As the lines between our personal and professional lives seem to get more blurred, some couples really take the idea of a merger to the next level by working together in a business. But is this a good idea? I worked with my own husband for a 10-year period before parting ways (professionally, not personally), so I can share with you some of the benefits and perils of partnering with your partner in business. The Benefits
A good partner in life can be a good partner in business: Just as in a relationship, finding the right business partner requires putting your trust into another person, which is challenging to do. Theoretically, your spouse should be one of the most trustworthy individuals you know (if you don’t agree with this, you may have bigger issues to consider). Once you have found someone you can trust as your partner in life, who has skills and values that complement yours, that can be a great foundation for a trustworthy business partnership.
You have perspective: Business is a roller coaster, with lots of ups-and-downs. As partners going through this together, you will have greater empathy and compassion to support each other when you have front-row tickets to understanding what the other person is going through. This can make it easier to deal with some of the pitfalls of business, or at least lessen the burden on the home-front from a rough day at the office.
You get to avoid Craigslist: Not only is it difficult to trust someone as a business partner, but the process of locating, interviewing and testing out a partner is a tough one, with no guarantee that they will work out in the end. So, you can save time, money and effort by eliminating that part of the process.
The team effect: It can enhance your relationship to work jointly on projects. When you create something of value together, you can deepen your bond and connection.
Plus, don’t forget that you save gas money by carpooling—not a trivial issue with gas prices as high as they are today!
The roller coaster comes down, too: While riding the same roller coaster as your partner gives you perspective, it also amplifies issues. Problems in business may morph into problems for your relationship and problems at home can find their way into the office. Plus, it becomes even more challenging to discern between your personal and professional lives.
Insiders vs. outsiders: It can be difficult for a couple that runs a business together to attract top talent and maintain a strong business culture. Couples are protective of each other and therefore, as an employee, it’s challenging to tell your co-worker or your boss that their spouse is causing problems.
Financial diversification: Working in the same business puts your family’s financial “eggs” all in one basket. If something happens to the business or the industry goes through downfall, all of your income is at stake. Dual-income families can benefit from the spouses working in different companies and industries.
Absence makes the heart grow fonder: Having intertwined business lives creates even more dependence in a relationship. This can make the flame fizzle for a couple. You may get relationship burnout from seeing each other nearly every waking hour or become bored from constant business talk day and night. Having some mystery and independence can be a benefit in a relationship.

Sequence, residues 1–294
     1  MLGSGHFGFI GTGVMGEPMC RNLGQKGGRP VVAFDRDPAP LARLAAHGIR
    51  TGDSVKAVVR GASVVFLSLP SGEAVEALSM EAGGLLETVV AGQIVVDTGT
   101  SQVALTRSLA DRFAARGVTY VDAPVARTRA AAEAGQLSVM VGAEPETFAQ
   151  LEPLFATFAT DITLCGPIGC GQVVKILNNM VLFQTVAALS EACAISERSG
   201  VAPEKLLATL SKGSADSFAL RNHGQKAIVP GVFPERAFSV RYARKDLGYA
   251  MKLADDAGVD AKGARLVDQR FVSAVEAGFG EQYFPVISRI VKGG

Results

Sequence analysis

Forgoing benefits: Especially if you are working in or starting a small business, you may not benefit (pun intended) from the great benefits of your spouse’s employer, because now you are working together. Having access to great healthcare, paid vacation and other perks are often missed when they go away.
Do you want to run a business with your spouse or partner? While only you and your partner can decide what makes sense for your own goals and circumstances, you should take into account both the pros and cons before you merge your personal and professional lives.
Carol Roth is a national media personality, ‘recovering’ investment banker, investor, speaker and author of the New York Times bestselling book, The Entrepreneur Equation. She is currently an on-air contributor for the national cable television station CNBC, the pre-eminent name in business news, and the host and co-producer of The Noon Show, a current events talk show on WGN Radio, one of the top stations in the country. Carol multimedia commentary covers business and the economy, current events, politics and pop culture topics.
Carol has helped her clients complete more than $2 billion in capital raising and M&A transactions. She is a Top 100 Small Business Influencer (2011 &2012) and has her own action figure.
Very helpful article. Indeed it is a union of opposites: ego, which particularly speaks out more in between relatives, needs to be neutral since business comes first. At the same time, business aura must prevail over personal interests and conflicts. If close people genuinely share the same passion and have similar "objective' background, this can indeed create an unshakable foundation for success.
Great blog post Carol. I also have been working with my wife for the last 9 years and we have certainly been through all that you described above. We often say that we live our marriage in "dog years" as a result of being together 24/7 most days. It is certainly not for every couple and we still get strange looks from people who can't comprehend how we do it all week and still want to do things together on the weekends. For those who can make it work it is a very rewarding, enriching and fulfilling experience. We're lucky in that we get to see each other do and achieve great things for our clients each day. We're with each other when we win and when we lose and that is an incredible feeling of support, respect and love.